SiteOrigin Widgets Bundle WordPress plugin with over 600,000 installations patched an authenticated stored cross-site scripting (XSS) vulnerability that could allow attackers to upload arbitrary files and expose site visitors to malicious scripts.
SiteOrigin Widgets Bundle Plugin
The SiteOrigins Widgets plugin, with +600,000 active installations, provides a way to easily add a multitude of widget functions like sliders, carousels, maps, change the way blog posts are displayed, and other useful webpage elements.
Stored Cross-Site Scripting Vulnerability
A Cross-Site Scripting (XSS) vulnerability is a flaw allows a hacker to inject (upload) malicious scripts. In WordPress plugins, these kinds of vulnerabilities arise from flaws in how data that’s input is not properly sanitized (filtered for untrusted data) and also from improperly securing output data (called escaping data).
This particular XSS vulnerability is called a Stored XSS because the attacker is able to inject the malicious code to the server. According to the non-profit Open Worldwide Application Security Project (OWASP), the ability to launch an attack directly from the website makes it particularly concerning.
OWASP describes the stored XSS threat:
“This type of exploit, known as Stored XSS, is particularly insidious because the indirection caused by the data store makes it more difficult to identify the threat and increases the possibility that the attack will affect multiple users. “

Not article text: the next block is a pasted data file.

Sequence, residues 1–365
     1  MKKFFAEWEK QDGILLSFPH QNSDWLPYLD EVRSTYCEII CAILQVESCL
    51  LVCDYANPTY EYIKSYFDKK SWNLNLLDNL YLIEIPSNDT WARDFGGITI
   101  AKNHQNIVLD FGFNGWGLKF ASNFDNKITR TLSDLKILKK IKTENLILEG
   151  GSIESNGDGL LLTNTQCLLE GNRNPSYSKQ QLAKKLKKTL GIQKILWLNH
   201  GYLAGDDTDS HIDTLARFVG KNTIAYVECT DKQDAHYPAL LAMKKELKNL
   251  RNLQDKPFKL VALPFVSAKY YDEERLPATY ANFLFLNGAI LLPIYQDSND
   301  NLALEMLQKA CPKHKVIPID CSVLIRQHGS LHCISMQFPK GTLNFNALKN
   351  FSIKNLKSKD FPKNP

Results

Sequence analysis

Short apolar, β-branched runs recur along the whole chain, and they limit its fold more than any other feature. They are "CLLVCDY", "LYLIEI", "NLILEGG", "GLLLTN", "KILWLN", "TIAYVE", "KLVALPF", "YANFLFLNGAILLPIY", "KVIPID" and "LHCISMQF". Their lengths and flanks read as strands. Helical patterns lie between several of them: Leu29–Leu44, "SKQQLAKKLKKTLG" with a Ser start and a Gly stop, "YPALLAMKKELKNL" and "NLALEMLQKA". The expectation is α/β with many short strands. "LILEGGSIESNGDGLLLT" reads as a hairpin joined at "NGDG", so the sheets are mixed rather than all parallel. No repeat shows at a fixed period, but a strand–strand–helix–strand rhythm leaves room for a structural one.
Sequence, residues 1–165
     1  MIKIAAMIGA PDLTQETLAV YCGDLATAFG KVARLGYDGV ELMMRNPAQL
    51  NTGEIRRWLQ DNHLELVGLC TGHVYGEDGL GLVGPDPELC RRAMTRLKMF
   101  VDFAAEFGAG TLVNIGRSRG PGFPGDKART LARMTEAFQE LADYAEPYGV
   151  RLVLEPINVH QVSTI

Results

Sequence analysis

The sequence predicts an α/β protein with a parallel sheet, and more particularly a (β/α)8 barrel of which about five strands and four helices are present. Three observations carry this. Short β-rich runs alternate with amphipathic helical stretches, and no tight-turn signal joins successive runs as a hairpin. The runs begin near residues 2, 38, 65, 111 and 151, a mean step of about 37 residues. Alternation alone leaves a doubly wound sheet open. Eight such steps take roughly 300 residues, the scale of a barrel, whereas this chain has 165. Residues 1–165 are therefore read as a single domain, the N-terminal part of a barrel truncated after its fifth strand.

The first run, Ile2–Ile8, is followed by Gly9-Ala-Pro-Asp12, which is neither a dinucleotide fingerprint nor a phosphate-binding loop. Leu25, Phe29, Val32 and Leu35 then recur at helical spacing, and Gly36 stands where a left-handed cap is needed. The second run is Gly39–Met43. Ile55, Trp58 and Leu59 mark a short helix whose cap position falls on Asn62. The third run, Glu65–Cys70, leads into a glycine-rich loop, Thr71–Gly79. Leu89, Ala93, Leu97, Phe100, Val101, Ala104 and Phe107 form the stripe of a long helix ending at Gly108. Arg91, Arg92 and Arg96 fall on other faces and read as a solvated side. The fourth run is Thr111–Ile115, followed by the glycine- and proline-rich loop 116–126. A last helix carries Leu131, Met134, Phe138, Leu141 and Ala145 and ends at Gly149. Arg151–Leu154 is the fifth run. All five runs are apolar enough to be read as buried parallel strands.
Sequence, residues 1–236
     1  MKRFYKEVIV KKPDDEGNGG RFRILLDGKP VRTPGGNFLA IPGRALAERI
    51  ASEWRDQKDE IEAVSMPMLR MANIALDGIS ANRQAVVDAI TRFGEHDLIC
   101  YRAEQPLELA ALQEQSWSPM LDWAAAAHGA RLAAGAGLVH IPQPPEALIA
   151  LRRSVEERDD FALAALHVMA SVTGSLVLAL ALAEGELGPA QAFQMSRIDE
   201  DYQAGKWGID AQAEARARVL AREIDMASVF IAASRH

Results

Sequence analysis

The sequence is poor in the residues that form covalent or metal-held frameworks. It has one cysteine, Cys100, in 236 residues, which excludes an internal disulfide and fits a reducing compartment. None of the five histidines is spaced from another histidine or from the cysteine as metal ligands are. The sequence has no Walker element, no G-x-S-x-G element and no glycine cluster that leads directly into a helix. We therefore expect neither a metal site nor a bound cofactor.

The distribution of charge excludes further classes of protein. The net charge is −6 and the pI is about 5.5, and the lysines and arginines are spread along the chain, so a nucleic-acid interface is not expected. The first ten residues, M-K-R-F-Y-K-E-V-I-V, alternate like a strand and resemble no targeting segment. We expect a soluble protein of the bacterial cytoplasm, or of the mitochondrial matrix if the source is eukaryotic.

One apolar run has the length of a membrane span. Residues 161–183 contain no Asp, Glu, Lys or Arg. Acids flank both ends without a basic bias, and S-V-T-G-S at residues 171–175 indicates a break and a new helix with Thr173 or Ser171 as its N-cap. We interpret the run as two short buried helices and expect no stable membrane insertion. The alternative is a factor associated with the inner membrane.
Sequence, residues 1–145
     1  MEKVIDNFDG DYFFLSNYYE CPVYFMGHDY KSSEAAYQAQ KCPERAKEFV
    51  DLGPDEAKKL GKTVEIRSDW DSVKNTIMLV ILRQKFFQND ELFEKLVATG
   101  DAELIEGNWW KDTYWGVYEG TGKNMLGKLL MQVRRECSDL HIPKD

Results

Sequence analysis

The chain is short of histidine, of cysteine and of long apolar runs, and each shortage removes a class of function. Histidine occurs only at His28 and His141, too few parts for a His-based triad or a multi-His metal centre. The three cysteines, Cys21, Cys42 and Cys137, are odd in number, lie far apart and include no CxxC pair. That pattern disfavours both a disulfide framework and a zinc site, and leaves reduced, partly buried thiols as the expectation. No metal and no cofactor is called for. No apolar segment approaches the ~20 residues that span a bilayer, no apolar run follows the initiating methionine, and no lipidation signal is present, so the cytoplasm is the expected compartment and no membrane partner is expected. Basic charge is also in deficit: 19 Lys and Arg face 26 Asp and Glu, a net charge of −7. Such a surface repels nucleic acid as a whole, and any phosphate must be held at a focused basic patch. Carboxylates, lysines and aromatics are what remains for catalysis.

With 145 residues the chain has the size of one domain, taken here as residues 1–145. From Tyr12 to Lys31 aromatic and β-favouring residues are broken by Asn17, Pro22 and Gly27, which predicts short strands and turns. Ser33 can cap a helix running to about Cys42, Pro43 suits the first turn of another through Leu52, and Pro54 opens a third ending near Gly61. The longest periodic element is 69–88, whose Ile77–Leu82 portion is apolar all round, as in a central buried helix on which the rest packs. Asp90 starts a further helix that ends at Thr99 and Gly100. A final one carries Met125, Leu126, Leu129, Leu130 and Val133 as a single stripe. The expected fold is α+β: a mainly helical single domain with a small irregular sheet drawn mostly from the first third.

In an XSS attack, where a script has successfully been injected, the attacker sends a harmful script to an unsuspecting site visitor. The user’s browser, because it trusts the website, executes the file. This can allow the attacker to access cookies, session tokens, and other sensitive website data.
The vulnerability arose because of flaws in sanitizing inputs and escaping data.
The WordPress developer page for security explains sanitization:
“Sanitizing input is the process of securing/cleaning/filtering input data. Validation is preferred over sanitization because validation is more specific. But when “more specific” isn’t possible, sanitization is the next best thing.”
Escaping data in a WordPress plugin is a security function that filters out unwanted output.
Both of those functions needed improvement in the SiteOrigins Widgets Bundle plugin.
Wordfence described the vulnerability:
“The SiteOrigin Widgets Bundle plugin for WordPress is vulnerable to Stored Cross-Site Scripting via the onclick parameter in all versions up to, and including, 1.58.3 due to insufficient input sanitization and output escaping.”
This vulnerability requires authentication before it can be executed, which means the attacker needs at least a contributor level access in order to be able to launch an attack.
The vulnerability was assigned a medium CVSS severity level, scoring 6.4/10. Plugin users should consider updating to the latest version, which is version 1.58.5, although the vulnerability was patched in version 1.58.4.
Read the Wordfence vulnerability advisory:
SiteOrigin Widgets Bundle <= 1.58.3 – Authenticated (Contributor+) Stored Cross-Site Scripting